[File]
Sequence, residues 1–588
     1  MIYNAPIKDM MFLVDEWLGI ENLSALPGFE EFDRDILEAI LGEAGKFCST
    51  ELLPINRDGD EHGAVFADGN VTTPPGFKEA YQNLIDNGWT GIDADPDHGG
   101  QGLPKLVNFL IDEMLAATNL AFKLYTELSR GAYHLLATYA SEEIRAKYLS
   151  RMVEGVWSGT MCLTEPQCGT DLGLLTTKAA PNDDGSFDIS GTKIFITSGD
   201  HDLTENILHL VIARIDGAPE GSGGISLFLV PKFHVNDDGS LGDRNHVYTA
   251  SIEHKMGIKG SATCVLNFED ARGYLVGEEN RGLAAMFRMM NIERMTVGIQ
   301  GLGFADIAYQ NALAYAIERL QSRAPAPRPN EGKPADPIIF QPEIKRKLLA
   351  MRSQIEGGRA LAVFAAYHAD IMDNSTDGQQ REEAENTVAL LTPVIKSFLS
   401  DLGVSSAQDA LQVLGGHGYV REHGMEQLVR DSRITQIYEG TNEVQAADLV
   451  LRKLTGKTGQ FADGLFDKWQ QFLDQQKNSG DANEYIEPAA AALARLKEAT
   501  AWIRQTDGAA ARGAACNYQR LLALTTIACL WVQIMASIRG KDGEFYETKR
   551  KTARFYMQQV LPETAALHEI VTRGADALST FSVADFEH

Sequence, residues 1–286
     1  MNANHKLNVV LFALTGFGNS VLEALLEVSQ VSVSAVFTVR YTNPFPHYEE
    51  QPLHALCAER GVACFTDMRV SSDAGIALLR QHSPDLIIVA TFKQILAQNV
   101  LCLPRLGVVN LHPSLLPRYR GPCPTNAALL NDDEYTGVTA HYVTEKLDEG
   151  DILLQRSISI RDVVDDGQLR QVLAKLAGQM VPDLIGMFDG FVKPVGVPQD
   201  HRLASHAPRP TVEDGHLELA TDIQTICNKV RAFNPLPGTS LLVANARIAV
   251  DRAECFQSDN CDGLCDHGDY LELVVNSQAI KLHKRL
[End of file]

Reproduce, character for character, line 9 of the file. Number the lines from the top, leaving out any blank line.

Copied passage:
   351  MRSQIEGGRA LAVFAAYHAD IMDNSTDGQQ REEAENTVAL LTPVIKSFLS